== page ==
Name: Lee Boyce
Occupation: Owner of Boyce Training Systems.
Learning the Olympic lifts is a game-changer for a lot of lifters. Yes, the clean and jerk and snatch require coordination, timing, mobility, and explosiveness to perform successfully and safely. But here's the thing: Once you have those skills...you have those skills. And you'd better believe they carry over to other stuff.
As I explained in "3 Explosive Moves for Muscle Growth," not every movement you do in the gym is worth doing explosively. But the ones that are suited for it, like the Olympic lifts, can be uniquely transformative when you do them right. You'll need patience, focus, and a reasonable approach to make any appreciable progress, but your reward will be unlocking your potential both as an athlete and as a lifter after muscle.
If you're looking for knockoffs of the lifts where you can cheat big weights up for reps, go somewhere else. But if you're ready to learn, let's start.
What You'll Need to Start
First, it's important that you establish the prerequisite mobility to have ideal finish positions. I'll say this now: If you can't perform solid ass-to-grass front squats, or full and technically sound overhead presses, you need to spend more time working on your foundation before incorporating any version of the Olympic lifts into your programming mix. No beginners allowed here! But if you're an intermediate lifter who's passed the above tests, you're ready to add some explosiveness.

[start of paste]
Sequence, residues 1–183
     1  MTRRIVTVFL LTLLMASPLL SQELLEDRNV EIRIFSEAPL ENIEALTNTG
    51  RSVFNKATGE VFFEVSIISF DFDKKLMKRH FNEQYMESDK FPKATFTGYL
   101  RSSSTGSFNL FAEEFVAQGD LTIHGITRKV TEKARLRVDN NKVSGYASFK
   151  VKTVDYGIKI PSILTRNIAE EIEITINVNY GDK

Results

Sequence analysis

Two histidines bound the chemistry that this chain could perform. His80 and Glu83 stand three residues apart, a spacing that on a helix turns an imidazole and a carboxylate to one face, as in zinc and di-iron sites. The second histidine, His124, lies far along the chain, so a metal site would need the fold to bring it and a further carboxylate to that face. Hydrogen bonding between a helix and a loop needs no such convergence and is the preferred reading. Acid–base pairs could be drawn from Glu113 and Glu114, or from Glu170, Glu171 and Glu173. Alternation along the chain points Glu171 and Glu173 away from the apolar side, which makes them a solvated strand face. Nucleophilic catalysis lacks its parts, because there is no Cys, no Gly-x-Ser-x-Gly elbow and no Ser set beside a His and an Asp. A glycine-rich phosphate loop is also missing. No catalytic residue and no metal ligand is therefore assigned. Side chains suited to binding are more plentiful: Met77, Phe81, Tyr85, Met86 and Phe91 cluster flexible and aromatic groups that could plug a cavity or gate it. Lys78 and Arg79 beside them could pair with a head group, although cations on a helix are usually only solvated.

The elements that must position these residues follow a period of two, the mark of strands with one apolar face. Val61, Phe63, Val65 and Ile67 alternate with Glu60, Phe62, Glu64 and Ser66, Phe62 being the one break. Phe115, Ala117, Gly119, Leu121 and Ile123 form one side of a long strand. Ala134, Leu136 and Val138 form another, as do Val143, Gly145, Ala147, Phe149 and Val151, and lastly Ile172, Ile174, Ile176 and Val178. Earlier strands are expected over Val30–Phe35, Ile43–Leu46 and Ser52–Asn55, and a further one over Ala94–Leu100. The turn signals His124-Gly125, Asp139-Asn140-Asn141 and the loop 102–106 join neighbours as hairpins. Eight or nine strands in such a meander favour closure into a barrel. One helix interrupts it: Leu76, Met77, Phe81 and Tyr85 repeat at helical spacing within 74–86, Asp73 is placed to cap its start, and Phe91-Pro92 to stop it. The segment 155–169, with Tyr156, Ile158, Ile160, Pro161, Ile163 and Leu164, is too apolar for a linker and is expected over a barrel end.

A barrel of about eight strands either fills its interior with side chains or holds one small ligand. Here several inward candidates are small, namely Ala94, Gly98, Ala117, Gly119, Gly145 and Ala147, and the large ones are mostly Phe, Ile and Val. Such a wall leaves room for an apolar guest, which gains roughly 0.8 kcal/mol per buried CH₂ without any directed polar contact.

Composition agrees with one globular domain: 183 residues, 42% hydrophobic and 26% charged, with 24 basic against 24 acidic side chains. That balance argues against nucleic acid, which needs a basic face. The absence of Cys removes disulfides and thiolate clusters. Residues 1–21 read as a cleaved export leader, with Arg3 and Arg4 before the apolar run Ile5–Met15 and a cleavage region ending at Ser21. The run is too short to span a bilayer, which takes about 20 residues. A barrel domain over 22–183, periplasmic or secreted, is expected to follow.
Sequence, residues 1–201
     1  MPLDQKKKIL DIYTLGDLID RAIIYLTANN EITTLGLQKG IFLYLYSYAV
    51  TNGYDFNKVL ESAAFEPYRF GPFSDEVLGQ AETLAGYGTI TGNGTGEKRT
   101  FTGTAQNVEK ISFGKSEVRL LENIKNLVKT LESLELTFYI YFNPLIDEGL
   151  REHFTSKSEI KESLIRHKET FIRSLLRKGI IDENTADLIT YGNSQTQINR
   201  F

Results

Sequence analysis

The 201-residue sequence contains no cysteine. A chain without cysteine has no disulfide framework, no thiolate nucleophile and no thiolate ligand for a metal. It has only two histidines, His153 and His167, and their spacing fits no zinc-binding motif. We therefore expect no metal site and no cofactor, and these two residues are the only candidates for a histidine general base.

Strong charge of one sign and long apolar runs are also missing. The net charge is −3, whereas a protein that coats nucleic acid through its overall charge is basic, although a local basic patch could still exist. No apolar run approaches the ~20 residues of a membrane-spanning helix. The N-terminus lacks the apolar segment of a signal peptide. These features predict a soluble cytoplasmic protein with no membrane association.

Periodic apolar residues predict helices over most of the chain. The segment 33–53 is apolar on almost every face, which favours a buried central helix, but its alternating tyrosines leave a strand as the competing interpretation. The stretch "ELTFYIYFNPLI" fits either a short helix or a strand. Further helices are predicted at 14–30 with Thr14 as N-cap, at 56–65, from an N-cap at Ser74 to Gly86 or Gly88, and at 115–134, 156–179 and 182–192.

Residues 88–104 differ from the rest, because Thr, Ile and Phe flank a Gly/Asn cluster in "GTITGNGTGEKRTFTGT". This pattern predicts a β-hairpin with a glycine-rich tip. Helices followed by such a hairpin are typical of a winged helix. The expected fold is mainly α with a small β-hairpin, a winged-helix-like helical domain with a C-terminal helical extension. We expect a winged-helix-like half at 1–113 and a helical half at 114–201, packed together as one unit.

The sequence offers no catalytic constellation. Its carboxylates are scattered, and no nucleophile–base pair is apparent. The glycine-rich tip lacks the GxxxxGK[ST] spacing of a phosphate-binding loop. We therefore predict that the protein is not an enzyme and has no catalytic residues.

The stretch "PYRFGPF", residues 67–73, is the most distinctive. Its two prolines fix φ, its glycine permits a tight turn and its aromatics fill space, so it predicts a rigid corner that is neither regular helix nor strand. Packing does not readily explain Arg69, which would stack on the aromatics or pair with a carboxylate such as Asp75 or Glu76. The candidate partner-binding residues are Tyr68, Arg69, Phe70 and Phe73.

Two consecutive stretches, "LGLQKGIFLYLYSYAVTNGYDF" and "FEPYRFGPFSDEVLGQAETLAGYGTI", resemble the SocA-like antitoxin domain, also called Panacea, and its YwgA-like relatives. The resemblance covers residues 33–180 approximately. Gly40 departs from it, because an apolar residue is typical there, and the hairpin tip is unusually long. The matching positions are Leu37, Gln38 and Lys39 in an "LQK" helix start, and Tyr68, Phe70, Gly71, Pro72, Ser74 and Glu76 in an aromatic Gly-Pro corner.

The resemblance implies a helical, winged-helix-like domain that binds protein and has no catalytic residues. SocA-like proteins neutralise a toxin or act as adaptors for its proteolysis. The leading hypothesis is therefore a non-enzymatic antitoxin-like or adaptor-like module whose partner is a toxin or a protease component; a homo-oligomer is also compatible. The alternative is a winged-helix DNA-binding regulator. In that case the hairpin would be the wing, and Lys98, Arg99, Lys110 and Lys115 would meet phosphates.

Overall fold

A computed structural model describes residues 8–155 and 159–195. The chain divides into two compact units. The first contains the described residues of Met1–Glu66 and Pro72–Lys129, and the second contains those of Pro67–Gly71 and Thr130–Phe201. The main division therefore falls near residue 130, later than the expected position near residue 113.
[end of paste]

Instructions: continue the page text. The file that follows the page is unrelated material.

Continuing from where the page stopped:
Clean variations require a triple extension through the ankle, knee and hip, and then a high pull with the shoulder and elbow after that. If one of these isn't there or is done poorly, the entire strength of the lift suffers.
So before you go any further, spend a lot of time with these two drills to understand the extension phases and the catch phases.
Drill 1 Triple Extension Drill
Watch the video - 00:13
Drill 2 Upper Body "Clean" Drill
Watch the video - 00:18
Once catching the empty bar becomes second nature, you're ready to slowly and systematically add some weight.
Option 1 The Hang Power Clean
Thanks to CrossFit, many exercise enthusiasts and coaches these days shame the idea of multi-rep Olympic lifts. But if you ask me, there's nothing wrong with doing sets of 3-5 hang cleans with good form.
Lee Boyce Hang Power Clean 225x5
Watch the video - 00:21
That's right: I wasn't on a platform, and I wasn't using bumper plates. The weights were rattling like an old pickup—and that's kind of the point. If you've got a barbell, plates, and the basic form down, you can go train like this today in pretty much any gym.
Do it first in your workout when your tank is full, and focus on exploding up out of the bottom position.
Option 2 The Dumbbell Snatch
Maybe you can't Olympic lift at your gym, or you don't have the prerequisite ability—or the time, desire, or spare cash for coaching to learn to perform them safely. If that's the case, you can still throw some dumbbell snatches into the mix for a makeshift version of the same training effect.
Lee Boyce Dumbbell Snatch
Watch the video - 00:18
For the life of me, I don't know why more people don't do these. They're perhaps the greatest unilateral total-body movements to build speed, strength, and coordination. Plus, the conditioning they demand is sneaky. Do a few reps, and you might wonder who pumped all the oxygen out of the room.